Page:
Remember that it's usually better not to play Sword Cane prophylactically. This is because you get a free activation that doesn't exhaust Sword Cane when you first play it, so better to wait until you actually want to use it. Plus, if you end up never needing it, you won't have wasted the resources. There are exceptions, of course: maybe you want to protect your other assets from the encounter deck, or maybe you're Patrice and don't really have a choice.

To sum up, I'd say that if evasion is central to your strategy (maybe you're playing TFA or something), then you may still want to look at higher-level evade spells like Mists of R'lyeh IV for that big bonus to the evade check. But if you're a more typical Mystic that likes having the flexibility to evade, but only every once in a while, I think Sword Cane is substantially better than the various evasion spells and events. You're paying less and getting more.

I'll be honest, from a thematic perspective it feels a little silly that all my Mystics nowadays are venturing out to fight cosmic horror with Sword Canes in tow. But what can I say? This card just gets the job done.

CaiusDrewart · 2402

This is a very good card and only gets better the higher one's willpower stat. While it lacks attack bonuses, damage bonuses and further, requires exhausting to use, its best feature is that it uses a hand slot, instead of an arcane slot. While Wither has a similar function, it does compete with other spells for precious slots.

It is relatively inexpensive and ideal for fighting odd-number health enemies, when an early game Shrivelling or Azure Flame charge would either be overkill, or underkill. Saving a charge to finish off 1/3/5 health enemies will also extend the life of those spells.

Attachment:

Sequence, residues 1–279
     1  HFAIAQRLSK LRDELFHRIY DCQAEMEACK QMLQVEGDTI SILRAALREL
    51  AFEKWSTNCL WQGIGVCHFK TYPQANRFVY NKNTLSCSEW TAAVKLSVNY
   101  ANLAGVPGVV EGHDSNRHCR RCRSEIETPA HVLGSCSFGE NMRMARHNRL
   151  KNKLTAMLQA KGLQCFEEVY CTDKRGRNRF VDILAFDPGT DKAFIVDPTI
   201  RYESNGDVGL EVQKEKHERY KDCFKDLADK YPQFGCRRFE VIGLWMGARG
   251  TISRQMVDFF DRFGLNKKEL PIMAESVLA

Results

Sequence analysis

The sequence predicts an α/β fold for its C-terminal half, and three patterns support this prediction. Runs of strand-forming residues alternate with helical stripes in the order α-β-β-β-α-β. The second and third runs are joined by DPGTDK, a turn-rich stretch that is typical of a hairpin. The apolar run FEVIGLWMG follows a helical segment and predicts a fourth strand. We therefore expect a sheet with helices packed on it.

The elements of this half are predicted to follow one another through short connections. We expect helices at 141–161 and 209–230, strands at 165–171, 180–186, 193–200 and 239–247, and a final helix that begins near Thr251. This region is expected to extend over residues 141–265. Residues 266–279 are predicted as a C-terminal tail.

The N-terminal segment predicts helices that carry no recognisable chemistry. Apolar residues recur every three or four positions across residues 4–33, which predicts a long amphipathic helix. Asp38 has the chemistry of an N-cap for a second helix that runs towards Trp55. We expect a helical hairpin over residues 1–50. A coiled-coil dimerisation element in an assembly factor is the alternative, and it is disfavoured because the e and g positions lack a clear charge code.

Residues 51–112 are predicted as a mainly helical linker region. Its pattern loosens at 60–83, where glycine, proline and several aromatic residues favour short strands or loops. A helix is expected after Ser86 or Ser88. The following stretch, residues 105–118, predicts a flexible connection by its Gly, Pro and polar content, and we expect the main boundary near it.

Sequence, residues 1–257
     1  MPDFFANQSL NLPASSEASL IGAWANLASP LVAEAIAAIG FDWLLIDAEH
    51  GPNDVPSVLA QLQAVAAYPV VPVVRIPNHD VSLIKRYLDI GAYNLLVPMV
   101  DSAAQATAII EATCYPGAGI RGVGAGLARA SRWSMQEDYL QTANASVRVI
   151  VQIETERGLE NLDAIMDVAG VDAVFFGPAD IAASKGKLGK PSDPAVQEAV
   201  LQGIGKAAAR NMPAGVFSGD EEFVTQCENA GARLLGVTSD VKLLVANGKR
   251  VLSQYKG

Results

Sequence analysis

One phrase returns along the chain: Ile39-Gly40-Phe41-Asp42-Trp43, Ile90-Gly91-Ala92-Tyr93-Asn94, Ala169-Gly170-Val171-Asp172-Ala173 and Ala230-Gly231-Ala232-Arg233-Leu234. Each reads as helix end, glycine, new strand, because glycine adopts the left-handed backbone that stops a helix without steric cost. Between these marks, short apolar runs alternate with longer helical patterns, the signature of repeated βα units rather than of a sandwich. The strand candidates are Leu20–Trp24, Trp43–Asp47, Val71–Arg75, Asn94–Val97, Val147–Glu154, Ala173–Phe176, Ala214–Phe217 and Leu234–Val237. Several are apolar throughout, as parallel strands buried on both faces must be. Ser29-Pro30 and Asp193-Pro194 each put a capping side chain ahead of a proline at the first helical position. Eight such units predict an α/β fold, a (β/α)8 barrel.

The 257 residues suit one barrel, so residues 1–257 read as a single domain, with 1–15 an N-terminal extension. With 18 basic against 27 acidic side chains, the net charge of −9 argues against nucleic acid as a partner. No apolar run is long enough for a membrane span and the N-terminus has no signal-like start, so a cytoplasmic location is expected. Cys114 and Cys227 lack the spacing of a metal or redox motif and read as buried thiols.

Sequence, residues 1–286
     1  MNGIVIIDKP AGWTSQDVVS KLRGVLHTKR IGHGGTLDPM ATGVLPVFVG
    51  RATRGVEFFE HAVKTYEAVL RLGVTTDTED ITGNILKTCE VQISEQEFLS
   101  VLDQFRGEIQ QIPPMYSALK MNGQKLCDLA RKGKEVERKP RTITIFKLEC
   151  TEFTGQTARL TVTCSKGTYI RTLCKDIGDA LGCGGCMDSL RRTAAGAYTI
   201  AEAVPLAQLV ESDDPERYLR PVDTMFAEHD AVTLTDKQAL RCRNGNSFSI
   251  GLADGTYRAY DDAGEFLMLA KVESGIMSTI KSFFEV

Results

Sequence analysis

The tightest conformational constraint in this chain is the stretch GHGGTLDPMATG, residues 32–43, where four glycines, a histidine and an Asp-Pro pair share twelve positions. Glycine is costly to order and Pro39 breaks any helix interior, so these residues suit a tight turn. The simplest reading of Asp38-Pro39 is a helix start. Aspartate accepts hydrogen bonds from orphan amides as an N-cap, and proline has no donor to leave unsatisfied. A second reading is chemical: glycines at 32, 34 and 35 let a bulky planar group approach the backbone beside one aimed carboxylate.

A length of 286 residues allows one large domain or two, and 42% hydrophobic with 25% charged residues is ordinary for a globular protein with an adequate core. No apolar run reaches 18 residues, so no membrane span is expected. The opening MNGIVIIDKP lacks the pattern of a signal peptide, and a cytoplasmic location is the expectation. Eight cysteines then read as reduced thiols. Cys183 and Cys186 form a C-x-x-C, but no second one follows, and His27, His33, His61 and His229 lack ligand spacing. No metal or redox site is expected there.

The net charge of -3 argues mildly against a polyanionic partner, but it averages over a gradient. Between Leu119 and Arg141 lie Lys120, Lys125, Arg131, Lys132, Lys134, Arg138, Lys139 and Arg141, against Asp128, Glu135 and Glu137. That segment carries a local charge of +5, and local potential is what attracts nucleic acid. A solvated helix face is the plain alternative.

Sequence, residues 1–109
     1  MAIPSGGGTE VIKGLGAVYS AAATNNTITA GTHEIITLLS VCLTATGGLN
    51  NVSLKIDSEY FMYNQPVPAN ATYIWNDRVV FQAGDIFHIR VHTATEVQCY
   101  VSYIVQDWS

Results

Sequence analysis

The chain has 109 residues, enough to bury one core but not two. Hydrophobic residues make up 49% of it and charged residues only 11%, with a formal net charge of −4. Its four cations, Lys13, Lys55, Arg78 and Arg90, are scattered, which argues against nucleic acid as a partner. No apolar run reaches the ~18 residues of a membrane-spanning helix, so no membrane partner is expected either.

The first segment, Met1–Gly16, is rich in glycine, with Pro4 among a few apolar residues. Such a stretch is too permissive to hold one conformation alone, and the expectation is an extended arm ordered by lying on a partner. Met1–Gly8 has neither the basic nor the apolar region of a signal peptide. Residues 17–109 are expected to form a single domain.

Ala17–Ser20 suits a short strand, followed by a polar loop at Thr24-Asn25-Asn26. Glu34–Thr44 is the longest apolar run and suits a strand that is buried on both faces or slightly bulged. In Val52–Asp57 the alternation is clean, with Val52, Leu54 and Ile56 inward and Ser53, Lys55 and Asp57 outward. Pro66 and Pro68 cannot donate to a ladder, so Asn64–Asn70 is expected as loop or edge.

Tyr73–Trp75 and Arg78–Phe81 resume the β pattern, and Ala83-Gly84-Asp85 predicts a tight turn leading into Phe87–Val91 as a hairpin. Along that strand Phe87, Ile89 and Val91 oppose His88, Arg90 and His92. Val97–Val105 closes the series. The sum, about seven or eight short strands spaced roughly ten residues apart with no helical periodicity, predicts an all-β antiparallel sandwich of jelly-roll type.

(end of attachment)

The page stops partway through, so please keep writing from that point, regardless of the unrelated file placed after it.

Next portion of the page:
It also allows evading, with one's willpower stat, ad infinitum. Great for mystics whose hands aren't already occupied by Trumpets, Statues, Stones or Flashlights. And as if all that wasn't enough, unlike the eldritch equivalents, this mundane weapon has no downsides for drawing special tokens. 5 will investigators like Dexter, Agnes and Akachi, often with further passive bonuses, will get a lot of mileage from this card as a backup weapon/evasion tool. And it doesn't use an arcane slot!

KingsGambit · 12

A much, much cheaper alternative to Sign Magick. Not only does it cost one less resource, you also don't have to spend the resources and action playing the spell you just made room for. And because of its reaction ability and the fact that it doesn't provoke AoO, it's effectively fast if you only play it when you need its effect. This is a card that has so much convenience going on that, if this were a competitive game, it would be considered broken. We'll see how it plays out in practice, but it's very appealing for decks that can take it.